The new field of experimental philosophy has emerged as the methods of psychological science have been brought to bear on traditional philosophical issues. Oxford Studies in Experimental Philosophy will be the place to go to see outstanding new work in the field. It will feature papers by philosophers, papers by psychologists, and papers co-authored by people in both disciplines. The series heralds the emergence of a truly interdisciplinary field in which people from different disciplines are working together to address a (...) shared set of questions. The inaugural volume is roughly structured into four sections. The first three papers focus on recent developments in moral psychology, a topic that has seen lively debate and a great deal of progress over the last decade. The second section highlights three contributions that bring new methods to moral psychology: formal modeling and special populations. The third section brings together four papers that adopt an experimental philosophy approach to novel topics, including intuitive dualism, generics, joint action, and happiness. And the last two papers provide critical and historical context to the development of experimental philosophy. (shrink)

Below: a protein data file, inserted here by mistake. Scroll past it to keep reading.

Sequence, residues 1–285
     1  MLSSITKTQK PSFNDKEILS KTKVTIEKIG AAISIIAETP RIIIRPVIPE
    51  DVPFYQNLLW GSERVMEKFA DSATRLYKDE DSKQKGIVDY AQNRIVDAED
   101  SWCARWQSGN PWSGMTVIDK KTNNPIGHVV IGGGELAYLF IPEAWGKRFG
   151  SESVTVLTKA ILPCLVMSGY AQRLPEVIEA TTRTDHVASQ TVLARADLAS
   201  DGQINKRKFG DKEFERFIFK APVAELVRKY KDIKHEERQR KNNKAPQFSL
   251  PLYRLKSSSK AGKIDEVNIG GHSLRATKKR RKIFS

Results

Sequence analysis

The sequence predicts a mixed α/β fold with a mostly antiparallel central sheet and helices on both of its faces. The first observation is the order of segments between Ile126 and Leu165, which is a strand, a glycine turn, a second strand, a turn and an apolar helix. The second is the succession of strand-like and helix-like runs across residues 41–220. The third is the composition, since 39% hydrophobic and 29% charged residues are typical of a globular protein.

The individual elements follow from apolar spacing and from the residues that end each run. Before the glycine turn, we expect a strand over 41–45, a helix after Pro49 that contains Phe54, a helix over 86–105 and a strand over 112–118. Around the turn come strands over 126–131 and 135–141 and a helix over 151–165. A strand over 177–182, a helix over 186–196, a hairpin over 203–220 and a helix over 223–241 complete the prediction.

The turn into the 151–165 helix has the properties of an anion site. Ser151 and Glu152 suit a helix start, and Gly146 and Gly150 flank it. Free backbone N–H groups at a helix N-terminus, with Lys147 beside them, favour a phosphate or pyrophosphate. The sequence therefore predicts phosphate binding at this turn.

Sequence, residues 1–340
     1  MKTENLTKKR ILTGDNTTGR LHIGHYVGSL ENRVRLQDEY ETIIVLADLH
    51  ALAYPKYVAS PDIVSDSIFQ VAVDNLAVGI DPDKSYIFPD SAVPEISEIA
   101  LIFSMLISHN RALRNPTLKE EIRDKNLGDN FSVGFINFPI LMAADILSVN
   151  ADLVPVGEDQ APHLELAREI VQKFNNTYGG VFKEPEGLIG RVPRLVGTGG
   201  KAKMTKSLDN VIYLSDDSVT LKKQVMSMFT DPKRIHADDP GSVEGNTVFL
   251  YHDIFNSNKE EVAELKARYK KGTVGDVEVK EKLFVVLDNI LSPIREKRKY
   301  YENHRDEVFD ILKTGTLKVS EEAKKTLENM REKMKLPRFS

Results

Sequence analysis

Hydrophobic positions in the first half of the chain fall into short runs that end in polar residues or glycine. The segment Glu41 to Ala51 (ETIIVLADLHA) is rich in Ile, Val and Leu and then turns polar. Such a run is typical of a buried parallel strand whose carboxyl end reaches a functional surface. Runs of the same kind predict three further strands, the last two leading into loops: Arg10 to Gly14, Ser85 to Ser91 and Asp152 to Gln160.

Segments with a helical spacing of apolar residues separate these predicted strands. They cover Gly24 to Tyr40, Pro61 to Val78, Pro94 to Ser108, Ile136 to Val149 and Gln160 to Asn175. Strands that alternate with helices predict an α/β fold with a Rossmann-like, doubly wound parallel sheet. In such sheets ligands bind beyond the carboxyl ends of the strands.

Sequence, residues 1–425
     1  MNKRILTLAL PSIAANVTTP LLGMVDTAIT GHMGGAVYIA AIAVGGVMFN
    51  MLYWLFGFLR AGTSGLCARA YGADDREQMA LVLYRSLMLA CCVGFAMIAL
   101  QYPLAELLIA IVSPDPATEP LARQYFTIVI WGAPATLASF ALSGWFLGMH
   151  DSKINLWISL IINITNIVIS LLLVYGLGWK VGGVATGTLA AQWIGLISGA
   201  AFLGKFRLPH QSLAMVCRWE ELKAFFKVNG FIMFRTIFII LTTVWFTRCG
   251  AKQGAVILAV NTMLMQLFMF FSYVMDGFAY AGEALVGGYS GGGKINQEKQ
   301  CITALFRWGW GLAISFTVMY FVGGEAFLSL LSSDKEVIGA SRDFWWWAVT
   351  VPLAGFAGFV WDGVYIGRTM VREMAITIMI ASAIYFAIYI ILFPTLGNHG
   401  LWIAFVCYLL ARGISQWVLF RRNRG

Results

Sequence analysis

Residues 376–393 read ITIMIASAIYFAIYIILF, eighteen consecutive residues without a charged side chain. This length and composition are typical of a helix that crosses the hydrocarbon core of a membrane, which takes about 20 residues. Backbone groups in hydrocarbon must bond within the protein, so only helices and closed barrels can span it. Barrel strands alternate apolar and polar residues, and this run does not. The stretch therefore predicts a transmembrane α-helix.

To understand public discourse in the United States on genetic causation of behavioral disorders, we analyzed media representations of genetic research on addiction published between 1990 and 2010. We conclude first that the media simplistically represent biological bases of addiction and willpower as being mutually exclusive: behaviors are either genetically determined, or they are a choice. Second, most articles provide only cursory or no treatment of the environmental contribution. A media focus on genetics directs attention away from environmental factors. Rhetorically, (...) media neglect the complexity underlying the etiology the addiction and direct focus back toward individual causation and responsibility. (shrink)